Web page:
Author Maggie Stevens shares her tips and tricks for teaching kids chores and encouraging participation. Maggie is the author of The Parent Fix which teaches parents how to change the way they react to their children in order to change their children’s reactions. Read along to learn how you can slowly incorporate chores into your child’s daily routine.
Start with Positivty
There is a never-ending list of items we should be teaching our children. We all understand the importance of teaching our children values such as honesty, compassion, and personal integrity. But our children also need to learn practical tasks like mowing the lawn or cleaning their bedroom. It is easy to give orders and demand our kids do what we say, but that is the best way to get an angry reaction.
As parents, we begin with the best intentions, but failure can seem amazingly imminent when our children refuse our requests. When our kids have daily chores they need to complete—or should I say, tasks we need them to accomplish—it does not have to be a negative experience. The question should not be “how do I force my children to help out around the house,” but rather, “how do we teach children responsibility in a positive way?”
The problem is not in our desire. The problem lies in our technique. You may be teaching the way your parents taught you and that never worked. When a child is not grasping what you are trying to teach, could it be that what you are trying to teach is too overwhelming for the child? Break tasks into small pieces.
Teach and Empower
Keep in mind that humans aren’t instinctively good at jobs such as laundry, vacuuming, and picking up clutter. We all need training. And no, having your kids and spouse watch you do chores doesn’t count as “training.” The human brain must be able to visualize the specifics of a certain task in order to complete it.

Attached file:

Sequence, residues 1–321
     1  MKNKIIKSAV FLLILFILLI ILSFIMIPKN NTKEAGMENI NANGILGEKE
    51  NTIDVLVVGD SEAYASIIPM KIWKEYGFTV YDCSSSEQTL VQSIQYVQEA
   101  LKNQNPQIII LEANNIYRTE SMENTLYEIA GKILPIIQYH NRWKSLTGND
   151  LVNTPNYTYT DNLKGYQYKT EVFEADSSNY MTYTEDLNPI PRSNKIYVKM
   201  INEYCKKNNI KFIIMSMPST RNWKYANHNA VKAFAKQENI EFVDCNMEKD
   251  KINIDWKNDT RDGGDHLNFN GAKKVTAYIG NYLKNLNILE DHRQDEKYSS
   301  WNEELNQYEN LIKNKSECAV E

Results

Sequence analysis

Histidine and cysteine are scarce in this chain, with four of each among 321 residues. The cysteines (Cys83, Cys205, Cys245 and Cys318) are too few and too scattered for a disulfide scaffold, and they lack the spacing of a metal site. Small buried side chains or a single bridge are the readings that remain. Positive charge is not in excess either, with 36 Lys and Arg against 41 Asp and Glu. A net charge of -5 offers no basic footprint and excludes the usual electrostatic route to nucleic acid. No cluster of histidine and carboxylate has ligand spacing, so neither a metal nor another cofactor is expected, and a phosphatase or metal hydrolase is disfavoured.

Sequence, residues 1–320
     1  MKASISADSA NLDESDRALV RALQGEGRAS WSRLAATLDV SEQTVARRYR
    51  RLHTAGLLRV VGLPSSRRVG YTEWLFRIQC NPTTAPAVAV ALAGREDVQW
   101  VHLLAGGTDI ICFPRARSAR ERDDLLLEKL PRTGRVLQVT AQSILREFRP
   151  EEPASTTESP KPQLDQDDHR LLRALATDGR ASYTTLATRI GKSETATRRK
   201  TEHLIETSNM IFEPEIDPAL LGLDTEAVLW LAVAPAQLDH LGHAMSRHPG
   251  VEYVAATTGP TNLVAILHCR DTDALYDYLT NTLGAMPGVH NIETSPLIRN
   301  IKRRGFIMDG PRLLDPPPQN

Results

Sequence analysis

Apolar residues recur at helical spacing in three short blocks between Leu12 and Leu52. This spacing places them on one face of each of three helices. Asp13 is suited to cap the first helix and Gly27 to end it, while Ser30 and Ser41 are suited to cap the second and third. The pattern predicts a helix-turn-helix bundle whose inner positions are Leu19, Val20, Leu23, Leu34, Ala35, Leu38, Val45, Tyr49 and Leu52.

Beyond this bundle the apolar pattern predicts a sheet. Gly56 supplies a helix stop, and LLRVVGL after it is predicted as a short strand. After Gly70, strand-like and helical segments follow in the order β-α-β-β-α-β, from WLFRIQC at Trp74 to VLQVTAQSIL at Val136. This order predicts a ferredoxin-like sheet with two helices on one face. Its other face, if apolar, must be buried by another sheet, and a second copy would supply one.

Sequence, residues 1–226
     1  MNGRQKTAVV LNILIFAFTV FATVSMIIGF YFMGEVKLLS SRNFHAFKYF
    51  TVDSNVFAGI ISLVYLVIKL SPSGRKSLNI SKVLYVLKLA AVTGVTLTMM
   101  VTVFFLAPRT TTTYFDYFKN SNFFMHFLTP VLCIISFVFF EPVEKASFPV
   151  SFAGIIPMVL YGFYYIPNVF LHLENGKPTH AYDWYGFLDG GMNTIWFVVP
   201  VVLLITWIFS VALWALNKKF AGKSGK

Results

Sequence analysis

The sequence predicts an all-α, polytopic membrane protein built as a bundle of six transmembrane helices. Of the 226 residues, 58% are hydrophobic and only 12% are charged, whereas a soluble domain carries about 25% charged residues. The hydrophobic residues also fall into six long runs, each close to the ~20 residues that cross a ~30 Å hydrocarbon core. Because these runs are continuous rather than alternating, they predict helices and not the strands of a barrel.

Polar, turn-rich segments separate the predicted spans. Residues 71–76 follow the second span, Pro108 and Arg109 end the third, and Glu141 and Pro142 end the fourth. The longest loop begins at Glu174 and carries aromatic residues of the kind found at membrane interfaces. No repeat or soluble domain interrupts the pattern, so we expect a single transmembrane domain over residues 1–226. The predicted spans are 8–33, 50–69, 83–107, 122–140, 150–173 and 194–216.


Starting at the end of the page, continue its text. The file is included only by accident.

Even a mundane chore such as sweeping the kitchen floor requires a set of skills. Think about it. Sweeping involves breaking the floor into manageable squares, sweeping up little piles of dirt, and making those little piles travel onto the dustpan. Even teenagers don’t automatically know how to sweep a large room or organize a pile of junk and small children don’t necessarily perceive how to put away toys.
An important principle to use when teaching children is guided practice. Say you want to teach your child how to clean the bathroom. Begin by walking your child through the process step by step. Show her how to clean the toilet. Let her try it. Next move to the sink or the mirror. Do it with her using simple and easy directions.
Practice Makes Perfect
Remember that the first time she does the task on her own, it will probably not be up to your standards. There might be streaks on the mirror or stains around the toilet. Don’t ruin the teaching moment by dragging her back into the bathroom and criticizing her work. No matter how poor a job, begin by thanking her. (This will be difficult!) Choose another moment when you are both in the bathroom together and say, “Oh look, this mirror has a streak on it. It is tough to clean a mirror and not leave streaks.” Then clean the streaks from the mirror, explaining the process again with her watching. If you criticize your child’s work, you will never get her to do it again.
The following steps can help you train those young brains:
- Break chores into 10-minute tasks. Label each task, such as cleaning a sink, sweeping the kitchen, or vacuuming one room.
- Assign every family member(or let them choose) a 10-minute chore each day. Post a detailed chart with each family members’ name next to their task.
The 10-minute task idea works well with children even as they grow into teens. Your children will see how teamwork adds up. Your positive reaction to their dedicated 10 minutes of hard work will keep them motivated. If a reward system works, use it!
Lead them, guide them, and be by their side when they need help. Don’t expect big things to happen. Be grateful for the small things because small things eventually add up to big things.